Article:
Trump’s Promise To Rein In Drug Prices Could Open Floodgate To Importation Laws

KHN, 22 March 2017
Author: Rachel Bluth
“With prescription drug prices soaring, an old idea is gaining fresh traction: allowing Americans to buy medicines from foreign pharmacies at far lower prices. A new bill in Congress to allow the practice would modify previous safety standards and remove a barrier that proved insurmountable in past attempts to enable progress.”
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Prisoners are excluded from the NDIS – here’s why it matters

The Conversation, 14 March 2017
Author: Jesse Young, Stuart Kinner
“The National Disability Insurance Scheme (NDIS) is designed to provide access to personalised supports and services for all Australians with a disability. However, the NDIS specifically excludes prisoners.”
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Cost of kidney dialysis poses ethical dilemma in sub-Saharan Africa

Reuters, 9 March 2017
Author: Ronnie Cohen
“Up to one-fourth of adults in sub-Saharan Africa suffer from chronic kidney disease and only a small fraction ever reach a dialysis treatment center, a new study finds. Of those who did begin dialysis, most quit, usually within two weeks, because they could not afford to continue, and 88 percent died, the research found. Quitting dialysis almost always proved fatal.”
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Patients Demand The ‘Right To Try’ Experimental Drugs, But Costs Can Be Steep

NPR, 3 March 2017
Author: Carrie Feibel
“In the last three years, 33 U.S. states have passed laws aimed at helping dying people get easier access to experimental treatments that are still in the early stages of human testing. Supporters say these patients are just looking for the right to try these treatments. Such laws sound compassionate, but medical ethicists warn they pose worrisome risks to the health and finances of vulnerable patients.”
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Pediatric Drug Formulations — Unintended Consequences of Legislation

N Engl J Med 2017; 376:795-796
Authors: Luke A. Probst, Thomas R. Welch
“The media have been replete with reports of ways in which the pharmaceutical industry has been able to increase revenue from medications that have been available for decades. We report a new variation of particular consequence to pediatricians and children.”
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Increase in distance to nearest abortion facility in Texas associated with decline in abortions

EurekAlert, 19 January 2017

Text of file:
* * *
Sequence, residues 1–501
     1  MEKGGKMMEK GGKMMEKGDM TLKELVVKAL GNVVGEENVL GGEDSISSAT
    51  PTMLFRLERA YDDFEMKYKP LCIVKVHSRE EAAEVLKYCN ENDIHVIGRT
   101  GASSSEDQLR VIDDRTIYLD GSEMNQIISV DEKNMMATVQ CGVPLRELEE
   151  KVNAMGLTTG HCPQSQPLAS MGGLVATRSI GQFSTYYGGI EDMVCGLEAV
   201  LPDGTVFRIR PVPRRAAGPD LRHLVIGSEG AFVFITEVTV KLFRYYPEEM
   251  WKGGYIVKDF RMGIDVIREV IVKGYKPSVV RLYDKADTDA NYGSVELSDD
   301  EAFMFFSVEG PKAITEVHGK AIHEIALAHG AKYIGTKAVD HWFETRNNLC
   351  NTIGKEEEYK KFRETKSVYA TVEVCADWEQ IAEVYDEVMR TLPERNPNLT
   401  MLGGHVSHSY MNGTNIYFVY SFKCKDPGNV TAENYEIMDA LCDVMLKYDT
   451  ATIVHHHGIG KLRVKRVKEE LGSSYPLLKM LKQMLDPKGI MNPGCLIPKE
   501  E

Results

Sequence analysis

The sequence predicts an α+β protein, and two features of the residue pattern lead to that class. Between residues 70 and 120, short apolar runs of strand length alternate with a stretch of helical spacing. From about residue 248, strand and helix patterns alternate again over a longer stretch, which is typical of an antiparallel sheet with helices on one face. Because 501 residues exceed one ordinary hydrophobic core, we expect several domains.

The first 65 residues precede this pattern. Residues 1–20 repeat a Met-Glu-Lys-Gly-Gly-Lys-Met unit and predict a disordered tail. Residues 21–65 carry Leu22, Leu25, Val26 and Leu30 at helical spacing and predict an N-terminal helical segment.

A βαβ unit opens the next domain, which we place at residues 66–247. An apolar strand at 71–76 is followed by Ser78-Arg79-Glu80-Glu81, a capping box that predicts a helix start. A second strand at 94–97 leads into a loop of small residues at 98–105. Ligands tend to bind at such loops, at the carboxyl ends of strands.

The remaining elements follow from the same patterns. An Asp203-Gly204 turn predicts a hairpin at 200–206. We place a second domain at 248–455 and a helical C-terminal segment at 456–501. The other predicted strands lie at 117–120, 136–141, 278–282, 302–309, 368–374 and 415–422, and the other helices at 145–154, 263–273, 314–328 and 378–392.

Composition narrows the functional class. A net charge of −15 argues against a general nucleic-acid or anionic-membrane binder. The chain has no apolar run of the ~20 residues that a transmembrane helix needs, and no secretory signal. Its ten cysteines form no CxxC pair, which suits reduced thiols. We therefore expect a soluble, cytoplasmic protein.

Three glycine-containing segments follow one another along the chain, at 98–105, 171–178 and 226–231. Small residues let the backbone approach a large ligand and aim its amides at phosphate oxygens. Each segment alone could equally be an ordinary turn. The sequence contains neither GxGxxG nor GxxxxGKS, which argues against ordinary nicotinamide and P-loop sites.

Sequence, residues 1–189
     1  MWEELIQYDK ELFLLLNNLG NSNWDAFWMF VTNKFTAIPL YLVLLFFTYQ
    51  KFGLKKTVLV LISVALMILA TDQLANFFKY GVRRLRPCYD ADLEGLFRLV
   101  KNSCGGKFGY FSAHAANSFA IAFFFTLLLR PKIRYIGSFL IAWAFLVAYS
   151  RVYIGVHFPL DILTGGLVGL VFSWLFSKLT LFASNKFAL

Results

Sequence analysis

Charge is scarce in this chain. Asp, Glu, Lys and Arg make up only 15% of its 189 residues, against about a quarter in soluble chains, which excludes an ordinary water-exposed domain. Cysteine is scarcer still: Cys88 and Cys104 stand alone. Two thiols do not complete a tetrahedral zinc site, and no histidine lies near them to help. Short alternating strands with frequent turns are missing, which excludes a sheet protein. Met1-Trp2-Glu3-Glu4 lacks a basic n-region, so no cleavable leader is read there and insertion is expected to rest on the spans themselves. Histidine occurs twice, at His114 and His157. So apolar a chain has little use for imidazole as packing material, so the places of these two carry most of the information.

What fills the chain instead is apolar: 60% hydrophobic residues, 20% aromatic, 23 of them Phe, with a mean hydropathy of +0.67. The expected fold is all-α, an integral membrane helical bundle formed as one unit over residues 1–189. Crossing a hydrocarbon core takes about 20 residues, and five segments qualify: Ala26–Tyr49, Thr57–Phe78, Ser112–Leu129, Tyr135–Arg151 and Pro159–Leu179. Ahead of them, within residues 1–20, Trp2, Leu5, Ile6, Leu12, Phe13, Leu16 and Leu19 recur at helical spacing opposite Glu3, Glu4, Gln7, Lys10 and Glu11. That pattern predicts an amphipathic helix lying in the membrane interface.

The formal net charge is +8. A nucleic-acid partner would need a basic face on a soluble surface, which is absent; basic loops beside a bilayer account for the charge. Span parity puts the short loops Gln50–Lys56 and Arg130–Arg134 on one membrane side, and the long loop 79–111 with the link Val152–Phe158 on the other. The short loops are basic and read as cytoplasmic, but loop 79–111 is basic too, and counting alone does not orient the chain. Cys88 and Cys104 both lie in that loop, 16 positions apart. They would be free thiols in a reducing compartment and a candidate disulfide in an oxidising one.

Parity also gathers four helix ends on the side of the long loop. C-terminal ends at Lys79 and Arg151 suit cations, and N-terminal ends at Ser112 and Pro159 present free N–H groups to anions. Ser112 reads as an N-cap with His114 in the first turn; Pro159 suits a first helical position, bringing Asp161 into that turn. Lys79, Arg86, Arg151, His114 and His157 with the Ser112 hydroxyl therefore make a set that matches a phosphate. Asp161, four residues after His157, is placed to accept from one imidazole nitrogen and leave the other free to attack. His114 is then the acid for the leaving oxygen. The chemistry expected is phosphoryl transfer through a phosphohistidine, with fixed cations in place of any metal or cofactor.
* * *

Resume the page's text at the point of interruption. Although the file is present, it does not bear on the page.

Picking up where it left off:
Source: The Jama Network Journals
“In Texas counties without an abortion facility in 2014, an increase in distance to the nearest facility was associated with a decline in abortions between 2012 and 2014, according to a study published online by JAMA. Texas House Bill 2, enacted in 2013, was one of the most restrictive abortion laws in the country before the U.S. Supreme Court ruled in June 2016 that two provisions were unconstitutional. Following introduction and passage of the bill, the number of Texas facilities providing abortions declined, from 41 in 2012 to 17 in June 2016. Overall, abortions declined 14 percent in Texas between 2013 and 2014.”
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U.S. judge blocks rule on financial assistance for dialysis patients

Reuters, 12 January 2017
Author: Brendan Pierson
“A U.S. judge on Thursday put on hold a new federal rule that dialysis providers have said would prevent dialysis patients from using charitable assistance to buy private health insurance. U.S. District Judge Amos Mazzant in Sherman, Texas stopped the rule from taking effect Friday as planned. The decision is a victory for dialysis providers Fresenius Medical Care, DaVita Inc and U.S. Renal Care Inc, which filed a lawsuit to block the rule last week.”
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Pharma company executives debate drug pricing increases

Reuters, 12 January 2017
Author: Deena Beasley
“Grappling with a backlash against high U.S. prescription drug prices, more pharmaceutical companies are pledging to limit annual increases to under 10 percent – but the tactic is doing little to salve critics, including President-elect Donald Trump, who on Wednesday said drugmakers are “getting away with murder. Recent high-profile price hikes by Mylan NV, Turing Pharmaceuticals and Valeant Pharmaceuticals International Inc have raised the ire of consumers and lawmakers.”
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